(Published on Tuesday, 29 January, 2013; over the next few days, censorship was back in the news, with both Viswaroopam and Salman Rushdie at the receiving end of various kinds of bans.)


Afghanistan is one of the last bastions of the exotic left to writers. It can be written about from a great and sentimental distance, in a way that is no longer possible with other places. (Shangri-La is a hotel chain, French-led forces have marched into Timbuktu, the once-subversive comedy of Mandalay’s Moustache Brothers has become a tourist attraction.)

Only Kabul was left, to be colonized by kite-runners or anthropologically explored in various ways, through the lives of booksellers and burkha-clad beauties. Few of the writers who addressed Kabul had any strong sense of what the city had been, just four or six decades ago—the comfortably cosmopolitan city of the 1950s and 1970s, where women took education, a freedom in their dress and careers for granted.

William Dalrymple’s Return of a King was a lucid reminder of the complexity of the conflicts in Afghanistan’s past, holding up a mirror to the country’s present state. But it has been considerably more difficult for fiction writers to write about Afghanistan with clarity, without turning their books into vivid romances filled with blood, gore and almond-eyed beauties shrouded in their veils.

Nadeem Aslam’s The Blind Man’s Garden, his fourth novel, punches through every stereotype of the Afghan School of Writing, perhaps because he takes the radical step of treating his characters as individuals, rather than representatives, and perhaps because through the work he’d done for Wasted Vigil, he understands both the emotional and political landscape of Afghanistan better than most.

“The logic is that there are no innocent people in a guilty nation,” he writes early on in The Blind Man’s Garden, in reference to the American approach to Afghanistan. It is one of many acute observations, and yet, you’re going to read The Blind Man’s Garden for Aslam’s powerful story-telling rather than even for his political insight; if any novelist is capable of writing about extreme violence with extreme tenderness, he is. Contemporary Afghanistan is a bloody, baroque landscape, and the challenges his characters encounter are ripped from the darkest and most bloodstained of headlines—and yet, they remain essentially human. In an early image, birds are held captive in a delicate snare of wires set across the branches of a tree, and attempts to free them often come too late. And yet, even though they end as corpses, Aslam manages to suggest to us that they were once living, free creatures. It’s a rare achievement, and with this, he consolidates his reputation as one of the most skilled, and emotionally acute, of contemporary writers. As he said in a Guardian interview: “Paper is the strongest material in the world. Things under which a mountain will crumble, you can place on paper and it will hold: beauty at its most intense; love at its fiercest; the greatest grief; the greatest rage.”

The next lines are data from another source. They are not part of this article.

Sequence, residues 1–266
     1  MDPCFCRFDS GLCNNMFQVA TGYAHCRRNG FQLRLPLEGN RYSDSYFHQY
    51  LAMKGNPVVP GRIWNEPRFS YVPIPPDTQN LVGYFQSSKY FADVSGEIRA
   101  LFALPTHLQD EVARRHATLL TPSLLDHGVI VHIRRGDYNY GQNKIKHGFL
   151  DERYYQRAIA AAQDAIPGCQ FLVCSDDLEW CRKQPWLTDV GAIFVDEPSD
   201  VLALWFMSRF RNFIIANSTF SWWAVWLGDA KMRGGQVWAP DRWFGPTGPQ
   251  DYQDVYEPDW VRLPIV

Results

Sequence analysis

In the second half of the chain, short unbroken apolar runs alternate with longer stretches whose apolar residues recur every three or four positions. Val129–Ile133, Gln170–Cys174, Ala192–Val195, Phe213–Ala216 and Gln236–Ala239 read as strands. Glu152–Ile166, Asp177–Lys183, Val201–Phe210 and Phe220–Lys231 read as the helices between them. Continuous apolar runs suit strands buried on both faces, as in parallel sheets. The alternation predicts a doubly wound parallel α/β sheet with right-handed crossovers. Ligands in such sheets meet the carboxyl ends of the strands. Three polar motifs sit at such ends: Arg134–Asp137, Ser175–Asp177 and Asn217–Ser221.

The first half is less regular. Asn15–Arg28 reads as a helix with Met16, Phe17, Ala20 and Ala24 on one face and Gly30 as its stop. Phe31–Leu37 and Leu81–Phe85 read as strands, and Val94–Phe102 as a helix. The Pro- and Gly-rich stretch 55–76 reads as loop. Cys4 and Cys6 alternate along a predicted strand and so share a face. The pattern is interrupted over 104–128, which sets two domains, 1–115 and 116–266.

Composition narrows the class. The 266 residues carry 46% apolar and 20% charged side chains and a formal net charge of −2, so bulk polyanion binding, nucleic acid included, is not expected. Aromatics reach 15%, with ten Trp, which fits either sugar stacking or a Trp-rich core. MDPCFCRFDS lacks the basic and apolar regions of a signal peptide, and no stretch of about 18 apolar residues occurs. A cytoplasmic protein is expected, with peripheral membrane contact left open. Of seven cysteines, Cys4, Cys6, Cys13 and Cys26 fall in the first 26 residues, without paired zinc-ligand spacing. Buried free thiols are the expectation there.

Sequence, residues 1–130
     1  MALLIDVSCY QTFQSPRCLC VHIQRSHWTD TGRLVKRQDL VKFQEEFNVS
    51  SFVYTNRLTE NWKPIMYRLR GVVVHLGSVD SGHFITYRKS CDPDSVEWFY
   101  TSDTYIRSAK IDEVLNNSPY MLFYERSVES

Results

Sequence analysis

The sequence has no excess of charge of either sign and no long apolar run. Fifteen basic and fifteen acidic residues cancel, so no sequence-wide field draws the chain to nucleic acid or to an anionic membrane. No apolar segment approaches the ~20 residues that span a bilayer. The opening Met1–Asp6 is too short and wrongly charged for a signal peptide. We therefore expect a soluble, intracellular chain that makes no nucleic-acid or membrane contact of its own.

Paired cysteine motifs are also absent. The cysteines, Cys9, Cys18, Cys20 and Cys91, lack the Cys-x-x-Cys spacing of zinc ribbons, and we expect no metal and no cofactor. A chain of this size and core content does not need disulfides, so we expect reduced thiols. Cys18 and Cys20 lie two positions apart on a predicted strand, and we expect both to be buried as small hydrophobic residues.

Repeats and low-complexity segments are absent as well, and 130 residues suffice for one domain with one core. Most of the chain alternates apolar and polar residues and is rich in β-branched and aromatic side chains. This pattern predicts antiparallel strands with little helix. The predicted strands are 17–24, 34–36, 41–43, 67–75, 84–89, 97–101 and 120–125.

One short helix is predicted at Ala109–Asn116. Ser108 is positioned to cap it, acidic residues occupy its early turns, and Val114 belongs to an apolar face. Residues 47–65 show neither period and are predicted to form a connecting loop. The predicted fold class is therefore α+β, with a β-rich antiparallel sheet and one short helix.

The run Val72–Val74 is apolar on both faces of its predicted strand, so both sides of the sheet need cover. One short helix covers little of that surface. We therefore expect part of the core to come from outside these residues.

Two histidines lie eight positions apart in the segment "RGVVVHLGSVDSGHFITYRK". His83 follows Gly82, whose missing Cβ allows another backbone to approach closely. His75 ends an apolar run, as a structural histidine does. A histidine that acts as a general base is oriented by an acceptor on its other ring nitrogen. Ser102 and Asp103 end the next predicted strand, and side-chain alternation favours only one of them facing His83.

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It is unsurprising that an FIR was filed this weekend against the scholar Ashis Nandy, not because of the content of what he said, but because of the legal precedents we have set in the last 10-15 years. Mr Nandy’s remarks had to do with caste, and much might be said about whether he was factually correct, politically incorrect or even mistaken in his central points.

I will not address the content of his remarks. What is the point of discussing the value or limits of his arguments when the problem is a legal and social one? If your laws allow any community or special interest group to ask for redressal when their sentiments have been hurt, few groups have the incentive to debate or engage with the issue at hand, when there is the easy, silencing remedy of a court case instead. It’s the way many arguments on Delhi’s roads end: “You shut up!” “No, you shut up!”

At the Jaipur Literature Festival, where Mr Nandy made his comments, he was immediately challenged, and his arguments were dissected, digested, defended–and torn apart by some. These were appropriate responses; filing an FIR, on the other hand, shuts down the entire debate. Caste, like religion, will join the growing list of subjects that we cannot discuss openly—especially at the Jaipur festival. Because it is India’s most glittering literary festival, it attracts many who are eager to use the willing mikes of the media to peddle their stores of grievance, of rage, of “outsider” anger, of disenfranchisement.

Mr Nandy, like all public intellectuals and private citizens, should have the right to give offence (and to take the heat generated by his comments). He should also have the right to be wrong, or to make an incomplete argument. The problem with using the law is that it absolves the easily offended—if a rebuttal of Mr Nandy’s ideas on corruption and caste was to be made, we have not heard it from the people who sued him. “My sentiments are hurt” may be an accurate statement, but it is not an argument.

As we’ve seen previously, whether it’s the Hindu rightwing trying to silence AK Ramanujan’s ideas or Muslim fundamentalists refusing to allow Salman Rushdie to speak at all, the ministry of hurt sentiments is open to all—and it conducts a thriving business in outrage. But these cases or even the odd ban or two rarely change people’s minds about the subject at hand; all it does is to convince the mass of Indian writers and thinkers of the dangers of speaking one’s mind. A weak argument is best countered with a stronger one, not with forced silence.